Many insurance plans will cover the cost of a flu shot, however if you get one at your primary care doctor there’s a chance you could still have a co-pay for the visit. If you don’t have insurance, prices for a flu shot will vary; you can get one at chain pharmacies or supermarkets. The CDC has a vaccine finder tool to help you find locations near you.

"The Centers for Disease Control (CDC) recommends that anyone six months or older get a seasonal flu vaccine before the end of October."

The flu is a major cause of employee absences. According to the CDC, U.S. employees miss around 17 million workdays a year due to flu. If you have children, you could miss even more days if they’re sick with the flu. Missing work could impact your wages, especially if you are a contractor, part-time worker or an employee who has already used up all your paid time off.

What do I need to do to get ready for open enrollment season?

Mark your calendars — open enrollment for health care benefits generally begins sometime during the fall. This is the time to review your health insurance premiums and see how much you could be saving — including any tax advantages from HSA or FSA accounts.

Considering one projection predicts health care costs will go up by 6% in 2019, you’ll want to plan for any possible added expenses.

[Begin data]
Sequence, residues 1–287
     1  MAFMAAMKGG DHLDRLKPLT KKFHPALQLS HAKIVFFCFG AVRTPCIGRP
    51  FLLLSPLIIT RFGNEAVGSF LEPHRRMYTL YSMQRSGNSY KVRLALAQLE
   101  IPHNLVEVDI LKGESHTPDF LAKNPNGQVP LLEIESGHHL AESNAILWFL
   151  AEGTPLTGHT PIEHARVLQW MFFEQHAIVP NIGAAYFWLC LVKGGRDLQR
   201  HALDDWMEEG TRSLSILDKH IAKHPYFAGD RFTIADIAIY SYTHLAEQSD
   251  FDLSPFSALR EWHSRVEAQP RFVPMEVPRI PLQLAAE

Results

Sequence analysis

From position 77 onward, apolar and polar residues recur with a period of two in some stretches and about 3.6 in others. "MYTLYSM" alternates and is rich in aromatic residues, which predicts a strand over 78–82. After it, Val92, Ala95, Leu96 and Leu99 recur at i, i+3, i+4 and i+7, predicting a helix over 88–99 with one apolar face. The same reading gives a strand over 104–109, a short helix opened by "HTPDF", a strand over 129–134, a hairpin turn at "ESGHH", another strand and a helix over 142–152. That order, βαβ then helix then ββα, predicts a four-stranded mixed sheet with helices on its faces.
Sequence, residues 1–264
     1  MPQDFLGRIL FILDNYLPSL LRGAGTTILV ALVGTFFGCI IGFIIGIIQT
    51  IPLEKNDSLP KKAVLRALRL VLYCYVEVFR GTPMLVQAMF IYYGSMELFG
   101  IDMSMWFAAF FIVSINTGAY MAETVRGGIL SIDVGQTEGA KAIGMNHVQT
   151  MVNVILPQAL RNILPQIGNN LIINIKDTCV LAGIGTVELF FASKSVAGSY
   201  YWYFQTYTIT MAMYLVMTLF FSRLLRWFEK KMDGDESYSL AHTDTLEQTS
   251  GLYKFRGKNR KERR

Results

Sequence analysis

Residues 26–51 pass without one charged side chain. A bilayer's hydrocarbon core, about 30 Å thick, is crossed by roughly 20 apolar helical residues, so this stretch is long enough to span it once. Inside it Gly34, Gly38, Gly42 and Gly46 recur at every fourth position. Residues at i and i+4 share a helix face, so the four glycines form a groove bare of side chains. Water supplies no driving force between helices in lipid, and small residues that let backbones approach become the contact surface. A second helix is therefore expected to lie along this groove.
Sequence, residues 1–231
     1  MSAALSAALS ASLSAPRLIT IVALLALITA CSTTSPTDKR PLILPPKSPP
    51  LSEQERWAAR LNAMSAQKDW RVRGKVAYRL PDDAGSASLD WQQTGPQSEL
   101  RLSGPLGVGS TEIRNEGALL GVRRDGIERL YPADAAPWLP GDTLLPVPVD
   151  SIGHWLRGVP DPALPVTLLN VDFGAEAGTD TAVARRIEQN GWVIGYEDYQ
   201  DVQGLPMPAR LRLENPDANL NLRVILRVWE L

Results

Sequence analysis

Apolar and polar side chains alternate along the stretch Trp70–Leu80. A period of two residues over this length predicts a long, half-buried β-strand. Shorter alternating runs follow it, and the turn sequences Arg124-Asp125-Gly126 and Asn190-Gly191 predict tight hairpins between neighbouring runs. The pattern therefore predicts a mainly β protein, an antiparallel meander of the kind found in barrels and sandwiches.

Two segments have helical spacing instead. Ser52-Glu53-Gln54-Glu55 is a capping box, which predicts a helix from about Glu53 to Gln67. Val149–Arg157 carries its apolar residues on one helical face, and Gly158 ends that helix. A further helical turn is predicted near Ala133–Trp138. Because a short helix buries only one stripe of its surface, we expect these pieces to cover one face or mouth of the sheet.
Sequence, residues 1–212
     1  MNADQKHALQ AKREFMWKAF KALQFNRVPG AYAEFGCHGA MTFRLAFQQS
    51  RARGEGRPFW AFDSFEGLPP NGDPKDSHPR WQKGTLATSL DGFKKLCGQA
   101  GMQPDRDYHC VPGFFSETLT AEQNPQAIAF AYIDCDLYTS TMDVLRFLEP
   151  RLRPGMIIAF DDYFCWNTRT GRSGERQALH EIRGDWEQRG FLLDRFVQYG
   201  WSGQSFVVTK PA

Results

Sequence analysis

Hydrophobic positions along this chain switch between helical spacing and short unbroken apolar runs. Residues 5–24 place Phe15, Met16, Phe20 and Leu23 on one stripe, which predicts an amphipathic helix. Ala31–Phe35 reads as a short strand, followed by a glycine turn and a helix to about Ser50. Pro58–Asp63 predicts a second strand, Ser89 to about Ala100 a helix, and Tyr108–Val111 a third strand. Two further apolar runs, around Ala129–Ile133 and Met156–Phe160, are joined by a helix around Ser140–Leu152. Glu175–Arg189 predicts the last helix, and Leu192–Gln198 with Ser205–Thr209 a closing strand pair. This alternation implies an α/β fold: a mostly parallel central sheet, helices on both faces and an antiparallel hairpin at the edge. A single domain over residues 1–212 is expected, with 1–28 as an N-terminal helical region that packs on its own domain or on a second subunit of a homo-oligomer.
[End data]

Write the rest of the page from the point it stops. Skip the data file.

What are some ways I can make sure my house is heating efficiently?

If you own a house, October is a key time for getting your house ready for cold weather — but a bad time to find out your furnace isn’t working.

It pays to have a professional inspect your heating system; a furnace that’s running poorly can cost you big time in energy costs. While you’re at it, get an energy audit done. The investigator may recommend ways to make small improvements like sealing drafts on doors and windows.

For example, if you add insulation correctly, you could be looking at saving anywhere from 5% to 25% of your monthly energy bills.

Have I checked if my financial information is secure?

Black Friday, Cyber Monday— there are certainly good deals to be had in the coming months. Amid all the frenzy, what are you going to do to protect your finances?